“Our younger customers are much more used to having access to information and tools that didn’t even exist more than 15 years ago, but all of our customers are starting to become online savvy,” says Paul Tuomi, director of parts sales at Daimler Trucks North America (DTNA).
“I think we all kind of think Google knows everything now,” adds Hansen. “Why listen to a sales guy give his pitch when you can go to Google and find everything he was going to say in five minutes?”
Pancero says that hypo- thetical scenario is ultimately the biggest difference between Baby Boomers and this new generation.
Young professionals entering business today don’t view a sales call as an opportunity to showcase uniqueness of their product and their individualized customer service skills. Pancero says, to them, those are benefits any quality supplier and salesperson should provide.
Instead, he says today’s young salespeople want to promote their company’s comprehensive and consistent service approach. It doesn’t matter where, when, why or how you reach out and to whom, young salespeople want customers to know if you contact their business for support, you will get it immediately. And their message and the quality of their response will never change.
After decades of self-reliant Baby Boomers adhering to the value of the individual, today’s next generation wants to do everything as a team.
That includes sales in your business, says Pancero, and it doesn’t matter how successful you’ve been using the Baby Boomer model.
When you start employing this new generation, they are going to expect you to use their team approach, he says.
“The younger [generation] expects to be coached. They have lived their entire life participating as part of a team,” he says.
This concept may fly in the face of your current sales plan, but Pancero says dif- ferent doesn’t automatically mean crazy.
“A lot of sales structures today are reactive,” he says. Salespeople are given full authority to run their territory as they see fit, and sales managers are brought in only to help close deals, authorize pricing discounts or put out customer service fires.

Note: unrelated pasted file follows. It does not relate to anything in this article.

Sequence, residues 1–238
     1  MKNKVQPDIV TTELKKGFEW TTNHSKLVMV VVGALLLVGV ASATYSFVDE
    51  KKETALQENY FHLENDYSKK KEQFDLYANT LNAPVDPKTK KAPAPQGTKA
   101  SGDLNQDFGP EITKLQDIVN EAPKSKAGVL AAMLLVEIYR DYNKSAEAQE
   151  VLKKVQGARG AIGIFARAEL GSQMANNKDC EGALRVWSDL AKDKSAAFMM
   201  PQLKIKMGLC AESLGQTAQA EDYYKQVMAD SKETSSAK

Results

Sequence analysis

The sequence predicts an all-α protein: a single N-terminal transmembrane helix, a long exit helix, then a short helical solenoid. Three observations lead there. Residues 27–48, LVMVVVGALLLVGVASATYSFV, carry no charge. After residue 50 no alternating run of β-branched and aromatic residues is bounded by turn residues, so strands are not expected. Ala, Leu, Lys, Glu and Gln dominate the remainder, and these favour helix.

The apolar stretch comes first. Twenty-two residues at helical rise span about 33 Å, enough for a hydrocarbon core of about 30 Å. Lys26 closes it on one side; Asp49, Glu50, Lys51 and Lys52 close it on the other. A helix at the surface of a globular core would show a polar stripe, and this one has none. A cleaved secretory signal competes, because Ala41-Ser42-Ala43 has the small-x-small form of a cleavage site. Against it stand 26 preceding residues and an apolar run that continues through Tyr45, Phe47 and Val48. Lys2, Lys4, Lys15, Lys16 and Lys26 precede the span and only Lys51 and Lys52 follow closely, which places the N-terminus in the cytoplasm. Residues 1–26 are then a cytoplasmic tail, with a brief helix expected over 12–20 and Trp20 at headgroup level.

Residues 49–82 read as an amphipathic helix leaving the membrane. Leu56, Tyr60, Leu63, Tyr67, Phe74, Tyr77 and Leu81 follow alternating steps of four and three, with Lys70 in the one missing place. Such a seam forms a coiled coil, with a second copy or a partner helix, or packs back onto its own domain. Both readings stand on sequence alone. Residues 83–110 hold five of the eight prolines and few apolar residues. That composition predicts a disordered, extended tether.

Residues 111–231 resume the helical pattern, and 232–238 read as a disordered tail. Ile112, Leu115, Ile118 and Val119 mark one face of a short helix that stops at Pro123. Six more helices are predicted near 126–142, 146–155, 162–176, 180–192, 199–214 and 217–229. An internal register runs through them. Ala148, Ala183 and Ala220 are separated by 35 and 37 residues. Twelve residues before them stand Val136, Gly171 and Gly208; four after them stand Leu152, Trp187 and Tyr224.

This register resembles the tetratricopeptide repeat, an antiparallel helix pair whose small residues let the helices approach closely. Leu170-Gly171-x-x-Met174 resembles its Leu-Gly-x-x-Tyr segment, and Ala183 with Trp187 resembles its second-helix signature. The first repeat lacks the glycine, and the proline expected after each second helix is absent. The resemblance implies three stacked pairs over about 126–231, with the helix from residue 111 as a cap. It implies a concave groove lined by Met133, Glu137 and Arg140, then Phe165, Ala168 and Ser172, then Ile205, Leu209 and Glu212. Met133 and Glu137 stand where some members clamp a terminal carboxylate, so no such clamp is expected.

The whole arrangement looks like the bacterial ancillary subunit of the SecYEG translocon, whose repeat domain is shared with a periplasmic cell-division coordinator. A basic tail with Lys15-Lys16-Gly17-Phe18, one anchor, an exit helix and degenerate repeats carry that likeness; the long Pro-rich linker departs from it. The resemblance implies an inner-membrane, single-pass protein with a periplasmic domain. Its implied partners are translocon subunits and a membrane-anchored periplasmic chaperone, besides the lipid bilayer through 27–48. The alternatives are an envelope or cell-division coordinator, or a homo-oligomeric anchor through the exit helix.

“The sales manager is an ambulance; he’s not a healthcare facility,” Pancero says.
The team approach turns that concept on its head.
All employees (inside sales people, outside sales people, drivers, technicians, etc.) follow a best practice for selling and customer service.
Sales managers are active coaches and offer guidance to help employees though all aspects of sales, and customers reap the benefits by experiencing consistent service across all platforms.
“I think ‘we’ is a much more powerful statement than ‘me,’ or ‘I,’” says Dave Willis, president at CRW Parts. “When you have a team working in the right direction you can create an environment where everyone knows every customer’s value.”
He adds, “A quarterback doesn’t snap the ball to himself then block for himself and run out for his own pass … it takes everyone on a team to be successful.”
But before you book the local Holiday Inn Conference Center for a week-long sales retreat, it’s a good idea to evaluate your sales team and create a reasonable timeline for changes.
Not every sales team immediately needs to be revamped.
“If one 60 year old is selling to another 60 year old you’re golden,” Pancero says. “But when a 30 year old steps in to one of those positions things are going to change.”
That’s why Pancero advises businesses to project staff changes five to seven years out. If significant turnover — either in number of employees or territory covered — is expected, it is a good idea to start researching next generation sales strategies now.
It’s not fair to assume a young salesperson can step into a role vacated by a retiring veteran and not miss a beat, Pancero says, especially when that salesperson is being asked to sell using a strategy they’re not comfortable using.
By taking time to see how both generations conduct their business, leadership can identify stress points and areas where a sales structure can be altered.
It’s also important to identify how your customers will respond to sales changes, adds Geoff Garafola, product and technical information manager at Inland Truck Parts.
Garafola says Inland’s sales team works with an incredibly diverse cross-section of customers. Each of its nearly 30 market areas has different tendencies. Garafola says the company tries to identify which areas are more or less responsive to specific sales methods, and uses that information when building sales plans and positioning salespeople.
Once you’ve identified when the next generation will enter your business you have to determine what you want them to sell.